Into the Woods is eighty minutes of energy and joy followed by forty more of tiresome, by-the-numbers visual effects. The drop-off in quality is notable. It’s a shame, as the first two-thirds are filled with crowd-pleasing tunes, beautiful set designs, and a playfulness that jumps off the screen. All of that fizzles in the final third, as CGI takes center stage and the story reverts into an elongated stroll through the familiar.
As the movie opens, The Baker (Corden) and his wife (Blunt) are looking forward to starting their family. Unfortunately for them, a curse has been put on their ability to procreate by The Witch (Streep). In order for the curse to be lifted, Baker must find four objects in the woods: a cow as white as milk, a cape as red as blood, hair as yellow as corn, and a slipper a pure as gold. The adventure takes the two through intertwining stories involving the classic Brothers Grimm fairy tales Cinderella, Rapunzel, Jack and the Beanstalk, and Little Red Riding Hood.
Beginning with a rousing, exposition-filled opening number, Into the Woods dispenses with the story setup in its first ten minutes. This leaves plenty of time for Baker and his wife to have encounters throughout the woods as they scramble to get all the items The Witch has requested. Like most fairy tales, Into the Woods has some dark story elements that may be too intense for younger viewers. An encounter with The Wolf (Johnny Depp) is unsettling, as is a scene when a toe and heel are severed (off-screen, of course) in an attempt to fit in Cinderella’s slipper. Director Rob Marshall conducts the main story with gorgeous visuals and spirited music before turning the palette dark and moody for the much more serious final act. It’s a tonal shift the film never recovers from.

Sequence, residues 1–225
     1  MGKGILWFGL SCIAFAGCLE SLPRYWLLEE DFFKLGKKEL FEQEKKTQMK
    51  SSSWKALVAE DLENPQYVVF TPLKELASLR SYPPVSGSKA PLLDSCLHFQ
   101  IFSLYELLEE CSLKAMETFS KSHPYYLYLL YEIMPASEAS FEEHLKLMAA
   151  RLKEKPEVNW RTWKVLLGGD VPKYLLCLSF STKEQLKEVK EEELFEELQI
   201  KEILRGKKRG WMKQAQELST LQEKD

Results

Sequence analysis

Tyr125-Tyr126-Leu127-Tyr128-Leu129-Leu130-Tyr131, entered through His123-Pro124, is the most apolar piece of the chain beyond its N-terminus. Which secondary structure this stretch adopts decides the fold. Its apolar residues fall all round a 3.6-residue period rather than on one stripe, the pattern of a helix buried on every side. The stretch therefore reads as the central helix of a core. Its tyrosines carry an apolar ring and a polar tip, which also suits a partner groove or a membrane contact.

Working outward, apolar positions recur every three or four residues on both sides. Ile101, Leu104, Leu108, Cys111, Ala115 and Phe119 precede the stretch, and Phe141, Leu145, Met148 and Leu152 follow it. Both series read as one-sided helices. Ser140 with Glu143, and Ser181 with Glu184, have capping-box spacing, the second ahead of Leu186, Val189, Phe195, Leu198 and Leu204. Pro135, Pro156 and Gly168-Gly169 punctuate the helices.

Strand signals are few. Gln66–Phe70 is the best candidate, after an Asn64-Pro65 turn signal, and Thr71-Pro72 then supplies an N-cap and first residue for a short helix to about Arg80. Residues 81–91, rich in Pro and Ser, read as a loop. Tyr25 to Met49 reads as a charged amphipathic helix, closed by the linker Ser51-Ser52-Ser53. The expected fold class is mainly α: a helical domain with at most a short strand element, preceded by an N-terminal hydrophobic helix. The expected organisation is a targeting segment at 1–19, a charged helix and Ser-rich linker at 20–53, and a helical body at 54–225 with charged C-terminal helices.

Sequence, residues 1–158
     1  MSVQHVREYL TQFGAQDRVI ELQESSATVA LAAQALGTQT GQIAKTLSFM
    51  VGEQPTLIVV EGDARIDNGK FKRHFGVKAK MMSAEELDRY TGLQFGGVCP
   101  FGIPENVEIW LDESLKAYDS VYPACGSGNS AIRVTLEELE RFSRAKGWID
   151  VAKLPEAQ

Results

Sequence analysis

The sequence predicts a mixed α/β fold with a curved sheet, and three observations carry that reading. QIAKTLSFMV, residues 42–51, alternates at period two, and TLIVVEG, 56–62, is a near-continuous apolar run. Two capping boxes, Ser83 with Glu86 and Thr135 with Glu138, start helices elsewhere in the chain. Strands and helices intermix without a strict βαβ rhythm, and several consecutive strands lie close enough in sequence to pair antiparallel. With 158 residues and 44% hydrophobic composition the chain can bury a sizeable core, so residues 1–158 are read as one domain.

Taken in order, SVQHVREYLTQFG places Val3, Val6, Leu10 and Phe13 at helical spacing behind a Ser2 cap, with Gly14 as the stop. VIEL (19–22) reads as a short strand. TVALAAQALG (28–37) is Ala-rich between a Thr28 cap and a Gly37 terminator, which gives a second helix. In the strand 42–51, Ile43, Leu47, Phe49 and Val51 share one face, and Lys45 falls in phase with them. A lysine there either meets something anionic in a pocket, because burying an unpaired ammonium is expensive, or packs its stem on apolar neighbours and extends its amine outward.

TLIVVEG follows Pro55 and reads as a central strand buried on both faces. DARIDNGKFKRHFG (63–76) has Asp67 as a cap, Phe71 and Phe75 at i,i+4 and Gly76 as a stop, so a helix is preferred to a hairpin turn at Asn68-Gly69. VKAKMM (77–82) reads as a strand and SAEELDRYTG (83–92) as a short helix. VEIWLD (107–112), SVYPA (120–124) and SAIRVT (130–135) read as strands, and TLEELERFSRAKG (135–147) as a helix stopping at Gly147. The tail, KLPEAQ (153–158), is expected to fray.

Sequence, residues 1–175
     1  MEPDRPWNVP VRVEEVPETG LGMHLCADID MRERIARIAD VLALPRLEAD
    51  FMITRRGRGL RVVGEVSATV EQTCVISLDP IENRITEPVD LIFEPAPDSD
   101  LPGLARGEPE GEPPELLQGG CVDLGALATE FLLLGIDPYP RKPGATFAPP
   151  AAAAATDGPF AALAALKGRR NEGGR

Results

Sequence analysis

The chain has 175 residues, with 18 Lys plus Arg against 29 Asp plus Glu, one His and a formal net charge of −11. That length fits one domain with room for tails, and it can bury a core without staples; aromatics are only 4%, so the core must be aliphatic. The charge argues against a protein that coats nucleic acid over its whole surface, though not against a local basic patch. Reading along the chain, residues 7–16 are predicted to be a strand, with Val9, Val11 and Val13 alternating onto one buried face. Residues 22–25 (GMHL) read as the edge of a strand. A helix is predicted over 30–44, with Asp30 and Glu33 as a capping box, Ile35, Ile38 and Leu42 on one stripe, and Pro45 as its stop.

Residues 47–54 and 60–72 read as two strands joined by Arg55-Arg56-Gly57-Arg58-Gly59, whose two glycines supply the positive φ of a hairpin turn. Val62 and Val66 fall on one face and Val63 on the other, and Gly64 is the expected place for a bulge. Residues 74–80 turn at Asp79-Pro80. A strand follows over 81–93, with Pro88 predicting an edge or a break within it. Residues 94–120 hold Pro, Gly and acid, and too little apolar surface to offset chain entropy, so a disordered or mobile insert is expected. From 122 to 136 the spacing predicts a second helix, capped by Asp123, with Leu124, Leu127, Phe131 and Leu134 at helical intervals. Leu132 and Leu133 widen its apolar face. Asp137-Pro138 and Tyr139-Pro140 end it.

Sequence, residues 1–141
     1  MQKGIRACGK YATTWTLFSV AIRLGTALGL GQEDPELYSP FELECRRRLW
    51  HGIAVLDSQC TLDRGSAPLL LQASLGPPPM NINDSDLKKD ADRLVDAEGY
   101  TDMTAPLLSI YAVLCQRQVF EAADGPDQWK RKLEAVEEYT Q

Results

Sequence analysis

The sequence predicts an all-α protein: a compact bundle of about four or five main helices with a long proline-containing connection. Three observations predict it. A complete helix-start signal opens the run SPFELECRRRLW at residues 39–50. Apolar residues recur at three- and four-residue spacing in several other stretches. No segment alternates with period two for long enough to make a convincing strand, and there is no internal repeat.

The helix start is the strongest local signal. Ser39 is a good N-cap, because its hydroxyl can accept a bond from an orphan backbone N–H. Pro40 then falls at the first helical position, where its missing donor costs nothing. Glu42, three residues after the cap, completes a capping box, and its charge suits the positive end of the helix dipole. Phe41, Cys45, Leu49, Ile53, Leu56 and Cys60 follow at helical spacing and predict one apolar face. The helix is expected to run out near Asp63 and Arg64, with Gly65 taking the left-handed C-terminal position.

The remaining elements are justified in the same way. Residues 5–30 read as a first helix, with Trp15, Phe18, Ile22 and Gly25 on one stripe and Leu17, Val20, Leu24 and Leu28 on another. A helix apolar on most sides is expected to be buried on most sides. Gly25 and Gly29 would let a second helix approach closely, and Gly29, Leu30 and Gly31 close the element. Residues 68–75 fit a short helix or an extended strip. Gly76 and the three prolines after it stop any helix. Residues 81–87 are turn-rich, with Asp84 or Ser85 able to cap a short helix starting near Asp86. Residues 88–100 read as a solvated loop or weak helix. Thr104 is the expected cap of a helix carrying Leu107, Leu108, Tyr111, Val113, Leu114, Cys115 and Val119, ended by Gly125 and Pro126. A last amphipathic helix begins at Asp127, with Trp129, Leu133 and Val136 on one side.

Marshall does have a loaded cast at his disposal, and they’re quite good for the most part. Corden and Blunt carry the core story, with Corden stealing many scenes with his charisma alone. Meryl Streep is effective as The Witch, clearly gobbling scenery with a loving wink. She’s given plenty of opportunities to slither around the sets and bark orders. Anna Kendrick and Chris Pine don’t fare as well. Both seem to be in a bit over their heads, even if their vocal performances are satisfactory. Depp, in a bit role, might actually be the most subtle part of the whole movie. Try and process that.
Into the Woods would have made for a succinct ninety-minute movie. Instead, Marshall and writer James Lapine, adapting from his and Stephen Sondheim’s musical, carry over a darker, more conventional third act that just doesn’t gel. Fans of musicals will find plenty to like in Into the Woods. The weaving of four fairy tales into one world remains clever enough even though it’s been parodied plenty of times (namely by the Shrek films). Just watch out for when the big Disney CGI machine takes over and washes away a significant amount of the built-up goodwill.
Studio: Walt Disney Studios Motion Pictures
Length: 124 Minutes
Rating: PG for thematic elements, fantasy action and peril, and some suggestive material.
Theatrical Release: December 25, 2014
Directed by: Rob Marshall
Written by: James Lapine. Based upon the musical by Stephen Sondheim & Lapine.
Cast: Meryl Streep, Emily Blunt, James Corden, Anna Kendrick, Chris Pine